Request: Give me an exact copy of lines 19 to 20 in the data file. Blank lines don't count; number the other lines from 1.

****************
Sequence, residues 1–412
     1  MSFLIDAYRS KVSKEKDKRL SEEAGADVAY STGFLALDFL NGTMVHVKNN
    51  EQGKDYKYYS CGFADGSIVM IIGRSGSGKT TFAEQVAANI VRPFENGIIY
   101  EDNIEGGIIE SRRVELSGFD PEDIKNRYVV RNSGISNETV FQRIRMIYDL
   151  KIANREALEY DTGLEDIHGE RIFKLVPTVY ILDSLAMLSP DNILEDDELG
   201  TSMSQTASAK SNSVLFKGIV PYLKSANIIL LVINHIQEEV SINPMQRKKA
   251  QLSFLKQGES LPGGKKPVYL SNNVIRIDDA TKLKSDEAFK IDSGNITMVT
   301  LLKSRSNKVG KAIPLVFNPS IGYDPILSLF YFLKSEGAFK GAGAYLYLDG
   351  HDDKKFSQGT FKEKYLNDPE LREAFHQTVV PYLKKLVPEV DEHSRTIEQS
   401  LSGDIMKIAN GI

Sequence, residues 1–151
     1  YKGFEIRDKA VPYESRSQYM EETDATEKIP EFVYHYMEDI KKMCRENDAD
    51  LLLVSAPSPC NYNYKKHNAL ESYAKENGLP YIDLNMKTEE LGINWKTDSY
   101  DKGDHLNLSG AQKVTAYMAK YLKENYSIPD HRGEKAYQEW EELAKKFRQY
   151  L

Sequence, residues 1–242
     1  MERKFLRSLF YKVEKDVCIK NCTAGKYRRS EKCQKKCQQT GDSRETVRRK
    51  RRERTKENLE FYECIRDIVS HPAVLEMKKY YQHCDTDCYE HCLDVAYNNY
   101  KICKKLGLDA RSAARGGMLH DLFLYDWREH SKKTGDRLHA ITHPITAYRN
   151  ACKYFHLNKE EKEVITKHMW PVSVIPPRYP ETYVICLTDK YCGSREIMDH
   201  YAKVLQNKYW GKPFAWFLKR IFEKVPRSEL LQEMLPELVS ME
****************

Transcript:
   101  KICKKLGLDA RSAARGGMLH DLFLYDWREH SKKTGDRLHA ITHPITAYRN
   151  ACKYFHLNKE EKEVITKHMW PVSVIPPRYP ETYVICLTDK YCGSREIMDH